Soyuz T-3 Spacecraft Series
By Marcia S. Smith, Formerly with the, Science Policy Research Division of the Library of Congress, Congressional Research Service
II. THE SOYUZ-T PROGRAM
Soviet Manned Space Programs: 1957-80
MANNED MISSIONS TO SALYUT 6: 1977-80
SOYUZ T-3: RETURN TO A THREE- MAN CREW
The last flight of 1980 was a 2-week demonstration of the capability of Soyuz T to carry a crew of three, and another test of the Soyuz T systems following the less than successful Soyuz T-2 mission. The last three man crew for the Soviets had been the ill-fated Soyuz 11 mission in which all three cosmonauts lost their lives. The Soviets referred to this three man crew as the "first space repair team" (188) since virtually all their time was spent making repairs to Salyut.
Soyuz T-3 was launched at 1418 GMT on November 27 with a crew of Lt. Col. Leonid Kizin, Oleg Makarov, and Gennadiy Strekalov. Progress 11 had remained docked with the space station after Popov and Ryumin left, and was attached when Soyuz T-3 arrived. Since Progress occupied the aft docking port, this crew docked at the forward end of Salyut 6 at 1554 GMT on November 28. The Soviet media stressed that this was "exclusively a test flight," (189) and the ship linked up with the Salyut 6/Progress 11 complex "exactly on schedule."
The crew's main task aboard Salyut was a prophylatic examination of its systems and to continue the repairs started by the Soyuz 35/37 crew. They brought specially developed tools for these jobs. Since the mission was only planned for two weeks, the workload was intense. Two television broadcasts were cancelled as was one of the crew's free days. In addition, they were not able to exercise as much as they were supposed to.
The major repair job was adding a new hydraulic unit with four pumps to the thermal regulation system. This was a liquid-cooled system, so the crew had to be especially careful not to spill any of the antifreeze-like coolant. The task was complicated by the fact that station designers had not expected the Salyut to be used for such a long time, and since the pumps had a service life of 2 years and the station was only designed for 1.5 years, they had not made this one of the "serviceable" parts. Thus the Soyuz T-3 crew had to use a saw to cut through one of the metal supports to gain access to the pump area, while ensuring that all the "dangerous" metal filings were collected. (190)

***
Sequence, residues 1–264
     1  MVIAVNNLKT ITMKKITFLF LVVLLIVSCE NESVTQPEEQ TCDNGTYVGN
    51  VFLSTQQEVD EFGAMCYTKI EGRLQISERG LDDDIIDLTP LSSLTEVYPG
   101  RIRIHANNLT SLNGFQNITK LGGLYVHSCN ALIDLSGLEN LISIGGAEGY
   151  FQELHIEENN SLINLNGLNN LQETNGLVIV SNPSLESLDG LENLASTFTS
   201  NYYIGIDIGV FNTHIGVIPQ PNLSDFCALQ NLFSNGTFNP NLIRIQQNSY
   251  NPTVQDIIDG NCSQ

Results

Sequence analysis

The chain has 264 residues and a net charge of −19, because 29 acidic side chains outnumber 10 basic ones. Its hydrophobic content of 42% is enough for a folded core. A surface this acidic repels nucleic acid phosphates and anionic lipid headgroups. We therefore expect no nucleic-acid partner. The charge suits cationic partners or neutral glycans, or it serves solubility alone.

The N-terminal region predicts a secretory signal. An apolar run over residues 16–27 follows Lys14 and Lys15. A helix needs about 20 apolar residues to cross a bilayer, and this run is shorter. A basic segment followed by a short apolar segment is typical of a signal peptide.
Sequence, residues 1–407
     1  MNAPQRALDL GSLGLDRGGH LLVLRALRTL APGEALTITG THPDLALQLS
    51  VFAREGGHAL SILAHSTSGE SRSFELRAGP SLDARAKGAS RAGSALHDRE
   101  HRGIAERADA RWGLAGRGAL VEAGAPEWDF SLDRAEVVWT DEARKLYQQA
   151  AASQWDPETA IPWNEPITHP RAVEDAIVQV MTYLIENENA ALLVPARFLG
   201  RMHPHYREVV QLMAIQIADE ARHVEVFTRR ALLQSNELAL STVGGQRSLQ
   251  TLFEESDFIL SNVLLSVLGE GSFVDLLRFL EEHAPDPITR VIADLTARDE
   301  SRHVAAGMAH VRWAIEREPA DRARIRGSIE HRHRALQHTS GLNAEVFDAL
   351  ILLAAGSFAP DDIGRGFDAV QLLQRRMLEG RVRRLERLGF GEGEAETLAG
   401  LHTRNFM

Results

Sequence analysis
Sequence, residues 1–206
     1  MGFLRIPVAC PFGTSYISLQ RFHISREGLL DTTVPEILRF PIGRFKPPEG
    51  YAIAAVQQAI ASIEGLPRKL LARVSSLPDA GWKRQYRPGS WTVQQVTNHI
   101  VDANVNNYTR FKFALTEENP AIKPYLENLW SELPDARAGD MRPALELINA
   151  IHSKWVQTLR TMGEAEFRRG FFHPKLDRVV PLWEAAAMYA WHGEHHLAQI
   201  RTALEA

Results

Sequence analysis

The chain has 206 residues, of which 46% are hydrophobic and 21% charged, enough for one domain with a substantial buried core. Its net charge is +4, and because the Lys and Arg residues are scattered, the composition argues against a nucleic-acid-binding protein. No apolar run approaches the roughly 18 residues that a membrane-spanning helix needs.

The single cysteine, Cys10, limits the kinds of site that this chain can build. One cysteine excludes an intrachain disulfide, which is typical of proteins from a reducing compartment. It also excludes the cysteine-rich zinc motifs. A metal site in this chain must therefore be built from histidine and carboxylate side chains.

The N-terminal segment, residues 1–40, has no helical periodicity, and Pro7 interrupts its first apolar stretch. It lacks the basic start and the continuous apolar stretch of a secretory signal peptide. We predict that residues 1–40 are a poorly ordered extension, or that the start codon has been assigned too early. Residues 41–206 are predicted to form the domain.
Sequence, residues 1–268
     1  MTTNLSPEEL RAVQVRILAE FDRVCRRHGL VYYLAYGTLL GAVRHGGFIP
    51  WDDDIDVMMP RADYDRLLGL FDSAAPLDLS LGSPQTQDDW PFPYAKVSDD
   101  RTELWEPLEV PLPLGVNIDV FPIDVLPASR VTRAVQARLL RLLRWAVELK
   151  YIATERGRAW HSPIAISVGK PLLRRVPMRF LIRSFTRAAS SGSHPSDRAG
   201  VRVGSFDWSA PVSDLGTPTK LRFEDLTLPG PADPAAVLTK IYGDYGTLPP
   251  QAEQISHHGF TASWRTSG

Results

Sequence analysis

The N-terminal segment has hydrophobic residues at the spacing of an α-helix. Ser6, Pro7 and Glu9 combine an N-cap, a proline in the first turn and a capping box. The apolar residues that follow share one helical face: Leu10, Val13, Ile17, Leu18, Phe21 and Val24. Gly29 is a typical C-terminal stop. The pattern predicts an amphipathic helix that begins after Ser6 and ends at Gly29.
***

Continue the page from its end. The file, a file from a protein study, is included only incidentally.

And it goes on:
That repair job was successfully accomplished, as were many more. To facilitate the repair activities, a direct communications link was established between the space crew and Popov and Ryumin who were vacationing in the Northern Caucasus. Among the other fix-it jobs were replacing a programming and timing device in the onboard control complex, an electronic unit in the telemetry system, and a transducer for one of the compressors in the refueling system (while Salyut was unoccupied, Progress 11 had automatically refilled the fuel tanks, at which time the problem was discovered).
A few experiments were also conducted during the mission, including: growing more monocrystals of cadmium-mercury-telluride in Splav; measuring the air circulation in the station to ensure that it was not becoming stagnant (called "Microclimate"); growing plants; and holography using the Soviet/Cuban holographic camera.
Progress 11 was used to make an orbital correction on December 8, placing the complex in a 370x290 km, 90.8 minute orbit. The Progress spacecraft undocked on December 9 and reentered 2 days later.
The Soyuz T-3 crew returned to Earth on December 10 at 0926 GMT after 13 days (307 hours 8 minutes) in space, landing 130 km east of Dzhezkazgan. Because they had not had time to do all their scheduled exercises, Kizim and Strekalov reportedly suffered from a certain amount of "stress" when they landed. (191) The successful repair activities of the crew were hailed as a "new accomplishment of Soviet cosmonautics [which] is a befitting gift for the forthcoming 26th Congress of the CPSU." (192)
In commenting on the crew's return as the last flight in the current Soviet 5-year plan, Cosmonaut Training Director Vladimir Shatalov stated that the manned space program was "an organic part of the economic plan of the USSR for 1976-1980" and that
"every ruble invested into outer space exploration ensures a return of up to 10 rubles." (193)
SALYUT 6 STATUS AT THE END OF 1980
As 1980 drew to a close, Salyut 6 remained in orbit in good condition. On December 29, it was in an orbit of 349x308 km and had completed 18,720 revolutions of Earth. Ground crews continued to test onboard systems, and the control and functioning of station systems was being accomplished by commands from Earth and by means of the onboard automatic equipment. Three more crews (Soyuz 39 and 40, both of which carried cosmonauts from other countries, and Soyuz T-4) were to occupy the station before it was deorbited in July 1982.
A. SOVIET SPACE PROGRAMS: 1976-80, (WITH SUPPLEMENTARY DATA THROUGH 1983) MANNED SPACE PROGRAMS AND SPACE LIFE SCIENCES PREPARED AT THE REQUEST OF HON. BOB PACKWOOD, Chairman, COMMITTEE ON COMMERCE, SCIENCE, AND TRANSPORTATION UNITED STATES SENATE, Part 2, OCTOBER 1984, Printed for the use of the Committee on Commerce, Science, and Transportation, U.S. GOVERNMENT PRINTING OFFICE, WASHINGTON, D. C., 1984
188. Apparently the Soviets forgot the activities of the U.S. Skylab 2 crew which repaired the badly damaged Skylab space station in 1973.
189. Tass, 1920 GMT, 29 Nov 80.
190. Novikov, N. Sovetskiy Voin, No. 8, 1981, pp. 28-29.
191. Kidger, Neville. Spaceflight, Jan. 1982.
192. Tass, 1130 GMT, 10 Dec. 80.
193. Tass, 1132 GMT, 11 Dec. 80.